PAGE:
Most firms begin very small, and large firms are the result of typically decades of persistent growth. This growth can be understood as the result of some form of capital accumulation-organization capital. In the US, the distribution of firm size k has a right tail only slightly thinner than 1/k. This means that most capital accumulation must be accounted for by incumbent firms. This paper describes a range of circumstances in which this implies aggregate convergence rates that are only about half of what they are in the standard Cass-Koopmans economy. Through the lens of the models described ...
Working Papers , Paper 748

Working Paper
Market exposure and endogenous firm volatility over the business cycle

First Draft: November 1, 2011 We propose a theory of endogenous firm-level volatility over the business cycle based on endogenous market exposure. Firms that reach a larger number of markets diversify market-specific demand risk at a cost. The model is driven only by total factor productivity shocks and captures the business cycle properties of firm-level volatility. Using a panel of U.S. firms (Compustat), we empirically document the countercyclical nature of firm-level volatility. We then match this panel to Compustat?s Segment data and the U.S. Census?s Longitudinal Business Database (LBD) ...
Working Papers , Paper 14-12

Working Paper
Common Ownership Does Not Have Anti-Competitive Effects in the Airline Industry

Institutional investors often own significant equity in firms that compete in the same product market. These "common owners" may have an incentive to coordinate the actions of firms that would otherwise be competing rivals, leading to anti-competitive pricing. This paper uses data on airline ticket prices to test whether common owners induce anti-competitive pricing behavior. We find little evidence to support such a hypothesis, and show that the positive relationship between average ticket prices and a commonly used measure of common ownership previously documented in the literature is ...
FRB Atlanta Working Paper , Paper 2019-15

Working Paper
Misallocation, informality, and human capital: understanding the role of institutions

Accepted for publication, Journal of Economic Dynamics and Control The aim of this paper is to quantify the role of formal-sector institutions in shaping the demand for human capital and the level of informality. We propose a firm dynamics model where firms face capital market imperfections and costs of operating in the formal sector. Formal firms have a larger set of production opportunities and the ability to employ skilled workers, but informal firms can avoid the costs of formalization. These firm-level distortions give rise to endogenous formal and informal sectors and, more importantly, ...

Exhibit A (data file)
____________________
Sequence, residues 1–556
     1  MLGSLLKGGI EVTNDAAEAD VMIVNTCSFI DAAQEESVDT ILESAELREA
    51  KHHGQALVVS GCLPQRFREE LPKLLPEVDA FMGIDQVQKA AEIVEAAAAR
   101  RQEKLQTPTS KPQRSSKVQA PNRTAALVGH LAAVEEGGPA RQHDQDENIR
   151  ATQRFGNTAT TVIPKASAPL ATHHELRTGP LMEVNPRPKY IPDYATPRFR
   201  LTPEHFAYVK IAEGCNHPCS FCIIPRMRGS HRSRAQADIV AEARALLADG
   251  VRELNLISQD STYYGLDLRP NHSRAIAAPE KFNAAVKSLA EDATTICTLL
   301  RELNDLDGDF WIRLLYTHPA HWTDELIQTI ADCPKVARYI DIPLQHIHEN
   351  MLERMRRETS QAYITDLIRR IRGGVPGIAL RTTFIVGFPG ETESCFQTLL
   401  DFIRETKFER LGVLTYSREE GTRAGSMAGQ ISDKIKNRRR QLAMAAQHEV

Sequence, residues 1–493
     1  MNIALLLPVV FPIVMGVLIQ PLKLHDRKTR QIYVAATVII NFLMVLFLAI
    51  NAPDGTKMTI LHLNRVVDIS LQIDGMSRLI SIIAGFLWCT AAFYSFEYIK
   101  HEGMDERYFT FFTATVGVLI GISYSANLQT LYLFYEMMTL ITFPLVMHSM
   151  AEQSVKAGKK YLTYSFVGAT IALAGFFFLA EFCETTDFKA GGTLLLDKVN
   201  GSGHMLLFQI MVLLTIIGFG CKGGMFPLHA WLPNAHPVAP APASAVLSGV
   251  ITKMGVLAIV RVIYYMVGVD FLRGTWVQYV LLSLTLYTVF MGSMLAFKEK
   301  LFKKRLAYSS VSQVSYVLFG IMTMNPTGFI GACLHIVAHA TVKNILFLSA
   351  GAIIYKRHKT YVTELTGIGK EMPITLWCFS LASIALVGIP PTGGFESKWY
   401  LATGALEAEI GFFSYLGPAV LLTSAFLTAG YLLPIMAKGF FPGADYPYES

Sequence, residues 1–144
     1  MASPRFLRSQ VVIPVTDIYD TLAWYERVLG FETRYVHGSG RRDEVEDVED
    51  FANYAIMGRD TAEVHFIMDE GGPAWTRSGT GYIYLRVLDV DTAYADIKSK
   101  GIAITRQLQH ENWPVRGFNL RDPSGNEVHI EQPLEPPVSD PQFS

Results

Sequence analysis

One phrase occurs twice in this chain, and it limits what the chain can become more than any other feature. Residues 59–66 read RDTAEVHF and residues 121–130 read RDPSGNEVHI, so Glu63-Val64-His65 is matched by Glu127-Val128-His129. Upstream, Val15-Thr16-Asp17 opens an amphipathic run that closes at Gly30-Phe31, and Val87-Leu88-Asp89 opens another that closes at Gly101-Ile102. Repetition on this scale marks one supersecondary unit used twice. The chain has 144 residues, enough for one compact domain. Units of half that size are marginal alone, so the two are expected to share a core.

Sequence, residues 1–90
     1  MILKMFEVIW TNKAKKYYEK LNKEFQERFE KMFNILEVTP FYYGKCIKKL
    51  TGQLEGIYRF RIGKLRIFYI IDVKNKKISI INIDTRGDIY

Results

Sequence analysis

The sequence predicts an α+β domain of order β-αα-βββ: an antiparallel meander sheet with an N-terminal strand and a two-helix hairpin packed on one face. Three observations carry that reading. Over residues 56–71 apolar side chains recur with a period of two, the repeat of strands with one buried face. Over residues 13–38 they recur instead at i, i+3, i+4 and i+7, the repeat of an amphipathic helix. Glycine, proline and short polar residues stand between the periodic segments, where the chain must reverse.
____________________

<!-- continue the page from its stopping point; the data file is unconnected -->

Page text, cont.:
Working Papers , Paper 14-11

Working Paper
Effects of Credit Supply on Unemployment and Inequality

The Great Recession, which was preceded by the financial crisis, resulted in higher unemployment and inequality. We propose a simple model where firms producing varieties face labor-market frictions and credit constraints. In the model, tighter credit leads to lower output, lower number of vacancies, and higher directed-search unemployment. Where workers are more productive at higher levels of firm output, lower credit supply increases firm capital intensity, raises inequality by increasing the rental of capital relative to the wage, and has an ambiguous effect on welfare. At initial high ...
Working Papers , Paper 2016-13

FILTER BY year

FILTER BY Content Type

Working Paper 30 items

Report 11 items

Journal Article 6 items

FILTER BY Author

D'Erasmo, Pablo 5 items

Corbae, Dean 3 items

Luttmer, Erzo G. J. 3 items

Trachter, Nicholas 3 items

Bandyopadhyay, Subhayu 2 items

Bernstein, Joshua 2 items

show more (84)

FILTER BY Jel Classification

G21 14 items

E24 7 items

E32 7 items

E31 6 items

E44 5 items

show more (57)

FILTER BY Keywords

Business cycles 4 items

Firm Dynamics 4 items

Firm size distribution 3 items

Productivity 3 items

Zipf's law 3 items

Banks and banking 2 items

show more (132)

PREVIOUS / NEXT